Following months of bitter squabbling, Mayor Bill de Blasio and the Uniformed Firefighters Association announced an agreement this afternoon on a new contract and restored disability benefits for newer firefighters.
Stephen Cassidy, the president of the 8,000-member UFA, once railed against Mr. de Blasio on the steps of City Hall, but commended the mayor today for his “intestinal fortitude” in brokering a deal to grant his union retroactive raises and restore disability benefits that were lost in 2009.
“We believe in notion of true partnership between management and labor,” Mr. de Blasio said. “We never stopped talking.”
Mr. de Blasio had initially resisted the UFA’s call to boost disability benefits for firefighters hired after 2009. That year David Paterson, the governor at the time, vetoed a pension sweetener for city cops and firefighters that had been typically carved into the state budget. Mr. Paterson, a Democrat, was trying to control costs at the height of a national recession.
The result of the veto was that police officers and firefighters hired after July 2009 only received 50 percent of their salaries as disability pension pay. Those hired earlier get 75 percent of their wages in disability pensions. Mr. Cassidy complained that a newly hired firefighter who is seriously injured in the line of duty would receive a paltry $27 a day.
The State Senate, Assembly and Gov. Andrew Cuomo called for a full restoration of the benefits, but Mr. de Blasio said it would cost taxpayers too much. He countered with his own legislation–any change in benefits must be approved in a “home rule” message by the City Council–that would have increased the payout by removing a social security offset and calculated benefits at a higher salary point. After Mr. de Blasio forced his proposal through the City Council, Mr. Cassidy was livid, filing a lawsuit against the city. (He said he will drop it.)
Under the agreement announced today, firefighters hired after 2009 will receive the same disability payout as those hired before 2009 and the social security offset will be eliminated. To save money for the city, Mr. Cassidy agreed firefighters will kick in an additional three percent of their salary, upping their contribution to about 6 percent.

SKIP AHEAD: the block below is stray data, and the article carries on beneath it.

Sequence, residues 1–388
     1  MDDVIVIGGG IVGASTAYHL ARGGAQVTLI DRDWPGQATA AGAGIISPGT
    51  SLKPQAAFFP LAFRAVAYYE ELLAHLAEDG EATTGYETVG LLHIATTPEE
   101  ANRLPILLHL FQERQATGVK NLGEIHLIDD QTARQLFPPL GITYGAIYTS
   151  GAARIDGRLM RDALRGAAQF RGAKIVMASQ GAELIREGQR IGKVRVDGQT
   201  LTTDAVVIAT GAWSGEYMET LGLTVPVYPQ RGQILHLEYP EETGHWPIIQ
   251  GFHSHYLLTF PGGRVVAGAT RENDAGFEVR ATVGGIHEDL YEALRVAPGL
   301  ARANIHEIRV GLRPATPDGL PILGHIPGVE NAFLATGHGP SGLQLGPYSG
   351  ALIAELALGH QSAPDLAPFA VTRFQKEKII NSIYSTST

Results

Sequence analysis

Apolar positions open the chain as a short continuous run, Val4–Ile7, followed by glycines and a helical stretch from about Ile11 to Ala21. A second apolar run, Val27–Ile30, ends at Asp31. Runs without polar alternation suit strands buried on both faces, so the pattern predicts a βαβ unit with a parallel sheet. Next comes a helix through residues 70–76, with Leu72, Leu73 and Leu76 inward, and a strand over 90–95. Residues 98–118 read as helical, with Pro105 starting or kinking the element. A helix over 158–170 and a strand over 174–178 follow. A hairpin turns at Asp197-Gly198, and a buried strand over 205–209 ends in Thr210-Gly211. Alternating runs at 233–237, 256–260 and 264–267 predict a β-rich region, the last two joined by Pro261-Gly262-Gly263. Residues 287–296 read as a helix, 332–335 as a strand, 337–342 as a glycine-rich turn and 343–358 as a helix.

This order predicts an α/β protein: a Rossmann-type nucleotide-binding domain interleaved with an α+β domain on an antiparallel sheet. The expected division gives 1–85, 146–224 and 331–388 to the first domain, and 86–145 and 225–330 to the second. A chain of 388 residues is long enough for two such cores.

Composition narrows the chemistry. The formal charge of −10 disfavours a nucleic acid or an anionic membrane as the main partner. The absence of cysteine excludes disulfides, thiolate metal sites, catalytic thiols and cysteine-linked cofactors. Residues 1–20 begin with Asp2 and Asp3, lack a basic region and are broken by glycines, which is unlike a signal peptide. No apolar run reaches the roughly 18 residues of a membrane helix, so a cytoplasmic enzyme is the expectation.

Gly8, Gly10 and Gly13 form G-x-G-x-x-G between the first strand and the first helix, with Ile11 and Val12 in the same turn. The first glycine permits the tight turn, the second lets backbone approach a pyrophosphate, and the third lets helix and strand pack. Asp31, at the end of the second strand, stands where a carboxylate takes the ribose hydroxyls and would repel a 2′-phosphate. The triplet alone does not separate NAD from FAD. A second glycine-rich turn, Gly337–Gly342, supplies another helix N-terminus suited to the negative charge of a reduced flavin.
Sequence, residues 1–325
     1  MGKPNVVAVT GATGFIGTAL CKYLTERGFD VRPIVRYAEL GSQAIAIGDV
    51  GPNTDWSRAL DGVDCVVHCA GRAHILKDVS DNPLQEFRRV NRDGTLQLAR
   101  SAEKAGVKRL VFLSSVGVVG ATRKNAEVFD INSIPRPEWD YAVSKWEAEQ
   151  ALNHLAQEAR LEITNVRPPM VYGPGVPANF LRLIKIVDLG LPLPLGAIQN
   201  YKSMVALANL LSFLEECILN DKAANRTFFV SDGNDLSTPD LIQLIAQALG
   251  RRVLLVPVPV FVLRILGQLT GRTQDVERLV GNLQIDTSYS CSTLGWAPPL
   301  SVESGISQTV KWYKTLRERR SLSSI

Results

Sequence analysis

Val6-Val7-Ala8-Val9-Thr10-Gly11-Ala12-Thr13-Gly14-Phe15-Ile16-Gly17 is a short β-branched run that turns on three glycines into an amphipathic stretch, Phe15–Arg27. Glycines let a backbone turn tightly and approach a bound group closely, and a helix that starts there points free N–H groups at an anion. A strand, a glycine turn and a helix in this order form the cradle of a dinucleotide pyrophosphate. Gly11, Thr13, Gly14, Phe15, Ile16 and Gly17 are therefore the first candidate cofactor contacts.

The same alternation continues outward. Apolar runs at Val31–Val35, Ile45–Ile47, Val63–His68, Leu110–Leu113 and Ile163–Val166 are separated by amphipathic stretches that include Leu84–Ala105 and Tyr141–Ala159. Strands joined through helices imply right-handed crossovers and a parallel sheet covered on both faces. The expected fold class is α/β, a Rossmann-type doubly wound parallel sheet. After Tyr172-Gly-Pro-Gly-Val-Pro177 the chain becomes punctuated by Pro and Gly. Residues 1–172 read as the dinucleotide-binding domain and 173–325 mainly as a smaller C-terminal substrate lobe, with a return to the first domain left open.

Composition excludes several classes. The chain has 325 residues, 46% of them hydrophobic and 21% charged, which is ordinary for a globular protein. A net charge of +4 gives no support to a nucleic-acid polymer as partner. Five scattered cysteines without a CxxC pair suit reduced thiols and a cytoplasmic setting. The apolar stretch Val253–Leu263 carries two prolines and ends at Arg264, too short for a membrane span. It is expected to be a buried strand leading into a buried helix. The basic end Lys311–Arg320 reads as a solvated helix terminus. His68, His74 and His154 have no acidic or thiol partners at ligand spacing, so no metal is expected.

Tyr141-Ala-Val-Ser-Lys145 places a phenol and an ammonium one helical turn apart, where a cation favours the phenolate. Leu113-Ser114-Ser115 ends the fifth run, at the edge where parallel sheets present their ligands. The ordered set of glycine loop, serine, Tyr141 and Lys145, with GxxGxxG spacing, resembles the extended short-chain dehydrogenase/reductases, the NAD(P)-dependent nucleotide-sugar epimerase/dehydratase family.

The city said the gross cost of the disability agreement will be about $125 million. There is no timeline yet on when the City Council will pass legislation to send to Albany for approval, but Mr. de Blasio and Mr. Cassidy were hopeful a bill would be passed in the next legislative session in January.
Mr. Cassidy said the deal was also “doable” because the FDNY agreed to staff 20 engine companies with five firefighters each by February 2019, adding the fifth firefighter to five companies each year beginning in 2016. Of the 20 companies, the city will fund 12 and the union will fund 8.
“The mayor and I did have a disagreement on how we should go forward last year, we had a little battle with the Council. We didn’t win that,” he said with a smile. “[Today’s agreement] was compelling, we needed to do it. Those new firefighters have to pay 3 percent more–we thought that was fair.”
The labor deal is similar to others that the city has reached with uniformed unions. Mr. de Blasio said 83 percent of the city’s unions now have labor contracts after none had them when he took office. The proposed contract provides for 11 percent in raises over seven years. The Municipal Labor Committee and the city have agreed to find $3.4 billion in healthcare savings.
The UFA’s labor deal with the de Blasio administration leaves the Patrolmen’s Benevolent Association, a union that is often at odds with City Hall, as one of the last prominent unions without a contract. Mr. Cassidy, an ally of PBA President Patrick Lynch, said he wouldn’t urge Mr. Lynch to take or a reject a deal.
Mr. de Blasio’s message to Mr. Lynch was simple: the door’s always open.
“We welcome the chance to talk further,” he said.